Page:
By 1681 there was a further division, and the names reverted back to the Indian names of the areas--Chowan, Currituck, Pasquotank, and Perquimans.

Be sure to check Chowan County Archives for early documents. Your Bertie ancestors might have been in this area by that time! Visit the Chowan County Page and place a query for the early ancestors.

Some of the first proprietors sold their parts to other investors ie Seth Sothell (first Governor) and to the Bertie brothers (James and Henry) . About the time that the five precincts were being named (circa 1690), the Bertie brothers were influential in naming the area.

Thus, there were many more Proprietors other than the beginning ones.

Governors during the Lord Proprietors Connected to Bertie County

Edward Hyde 1711-1712

Thomas Pollock1712-1714 (another term 1722)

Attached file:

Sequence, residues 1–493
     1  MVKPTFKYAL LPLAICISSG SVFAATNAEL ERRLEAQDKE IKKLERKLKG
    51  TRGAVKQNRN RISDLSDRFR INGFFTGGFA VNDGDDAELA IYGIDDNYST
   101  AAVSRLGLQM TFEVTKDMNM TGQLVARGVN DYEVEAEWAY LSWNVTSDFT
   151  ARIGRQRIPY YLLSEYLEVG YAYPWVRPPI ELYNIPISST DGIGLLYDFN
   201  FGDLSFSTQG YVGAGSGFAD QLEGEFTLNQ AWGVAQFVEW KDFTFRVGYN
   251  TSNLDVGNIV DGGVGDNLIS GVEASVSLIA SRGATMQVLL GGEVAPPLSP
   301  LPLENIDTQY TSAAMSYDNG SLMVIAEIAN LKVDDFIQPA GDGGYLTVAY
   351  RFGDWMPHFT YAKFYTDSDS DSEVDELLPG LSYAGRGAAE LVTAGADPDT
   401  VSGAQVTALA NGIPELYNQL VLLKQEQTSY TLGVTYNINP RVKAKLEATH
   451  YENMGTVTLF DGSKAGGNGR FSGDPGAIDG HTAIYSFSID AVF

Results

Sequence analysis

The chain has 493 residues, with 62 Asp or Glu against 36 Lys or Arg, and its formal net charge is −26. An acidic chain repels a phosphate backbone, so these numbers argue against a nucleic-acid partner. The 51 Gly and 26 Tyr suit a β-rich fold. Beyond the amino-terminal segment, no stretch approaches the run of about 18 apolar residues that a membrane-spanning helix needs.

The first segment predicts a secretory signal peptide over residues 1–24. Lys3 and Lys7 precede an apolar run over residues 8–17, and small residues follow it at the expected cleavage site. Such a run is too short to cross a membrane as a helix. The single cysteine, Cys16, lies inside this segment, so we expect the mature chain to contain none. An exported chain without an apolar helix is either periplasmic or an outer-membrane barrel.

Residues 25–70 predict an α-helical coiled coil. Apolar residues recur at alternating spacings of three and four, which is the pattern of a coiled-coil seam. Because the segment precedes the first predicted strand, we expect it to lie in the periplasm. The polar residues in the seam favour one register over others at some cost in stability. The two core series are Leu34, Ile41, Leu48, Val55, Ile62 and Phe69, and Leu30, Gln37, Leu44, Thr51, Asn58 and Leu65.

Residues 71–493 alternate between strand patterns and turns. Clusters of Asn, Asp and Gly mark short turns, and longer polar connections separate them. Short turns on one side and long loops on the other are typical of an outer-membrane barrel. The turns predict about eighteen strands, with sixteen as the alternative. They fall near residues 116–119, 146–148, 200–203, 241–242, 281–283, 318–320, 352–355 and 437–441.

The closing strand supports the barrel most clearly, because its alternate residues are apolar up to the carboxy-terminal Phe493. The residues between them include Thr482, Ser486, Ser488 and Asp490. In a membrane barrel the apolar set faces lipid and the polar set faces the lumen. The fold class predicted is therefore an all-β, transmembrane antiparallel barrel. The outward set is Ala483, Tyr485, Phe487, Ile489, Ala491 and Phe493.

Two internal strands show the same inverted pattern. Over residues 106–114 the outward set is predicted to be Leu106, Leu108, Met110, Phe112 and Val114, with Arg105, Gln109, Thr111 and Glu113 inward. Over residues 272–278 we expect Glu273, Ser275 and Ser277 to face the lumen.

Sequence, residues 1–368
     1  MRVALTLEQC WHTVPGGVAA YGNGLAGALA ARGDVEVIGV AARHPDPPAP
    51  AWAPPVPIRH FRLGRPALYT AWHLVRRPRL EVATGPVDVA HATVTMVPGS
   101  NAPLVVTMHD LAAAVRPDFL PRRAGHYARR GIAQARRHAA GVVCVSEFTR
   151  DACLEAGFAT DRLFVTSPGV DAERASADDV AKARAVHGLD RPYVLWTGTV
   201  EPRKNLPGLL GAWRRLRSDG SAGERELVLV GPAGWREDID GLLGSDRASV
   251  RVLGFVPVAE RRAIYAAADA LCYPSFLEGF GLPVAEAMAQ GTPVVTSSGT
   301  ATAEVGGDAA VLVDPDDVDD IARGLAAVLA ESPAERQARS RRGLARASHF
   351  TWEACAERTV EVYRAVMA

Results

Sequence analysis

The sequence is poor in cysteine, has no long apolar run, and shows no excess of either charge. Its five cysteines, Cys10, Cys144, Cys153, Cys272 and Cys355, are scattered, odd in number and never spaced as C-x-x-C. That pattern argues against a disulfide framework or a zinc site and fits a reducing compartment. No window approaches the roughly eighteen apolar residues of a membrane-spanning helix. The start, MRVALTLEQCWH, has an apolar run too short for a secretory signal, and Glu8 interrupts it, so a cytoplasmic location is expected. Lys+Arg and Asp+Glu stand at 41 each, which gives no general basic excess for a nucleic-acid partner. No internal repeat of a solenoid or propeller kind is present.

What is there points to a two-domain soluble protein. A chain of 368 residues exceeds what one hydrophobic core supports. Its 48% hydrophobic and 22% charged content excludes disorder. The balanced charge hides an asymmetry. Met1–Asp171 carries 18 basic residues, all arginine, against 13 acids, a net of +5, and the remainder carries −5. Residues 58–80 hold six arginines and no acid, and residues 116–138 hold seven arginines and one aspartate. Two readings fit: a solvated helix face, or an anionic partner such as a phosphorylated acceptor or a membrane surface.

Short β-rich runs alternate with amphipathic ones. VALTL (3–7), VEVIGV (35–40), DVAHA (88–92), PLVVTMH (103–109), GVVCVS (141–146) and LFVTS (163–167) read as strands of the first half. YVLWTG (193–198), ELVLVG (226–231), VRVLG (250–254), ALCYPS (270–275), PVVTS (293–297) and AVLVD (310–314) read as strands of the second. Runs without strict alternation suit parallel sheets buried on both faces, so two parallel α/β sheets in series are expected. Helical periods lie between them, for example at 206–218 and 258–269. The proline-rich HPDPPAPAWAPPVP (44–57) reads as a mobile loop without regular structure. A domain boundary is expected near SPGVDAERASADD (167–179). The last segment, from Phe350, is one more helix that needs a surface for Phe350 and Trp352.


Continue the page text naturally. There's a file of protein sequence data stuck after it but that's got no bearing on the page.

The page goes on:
Charles Eden 1714-1722

1722 - Bertie County

Political History

After only 7 years as a Proprietory Province (1722-1729), Bertie County became a province of the Crown.

The Crown sought to strengthen the colony's dependence on England and placed governors, judges and other officials on salary answering ONLY to the Crown and not the electorate. North Carolina settler had become used to the "off-hand" manner of the Proprietors and resented this "control". They believed in the Carolina charter of 1663 and the colonial assembly as an independent body.

Complete list of North Carolina Governors

1732 -First "royal" Governor was George Burrington was a favorite of Bertie Countians (although considered arbitrary and paranoid by many citizens of the state). His chief accomplishment was clearing a road from Virginia to Cape Fear.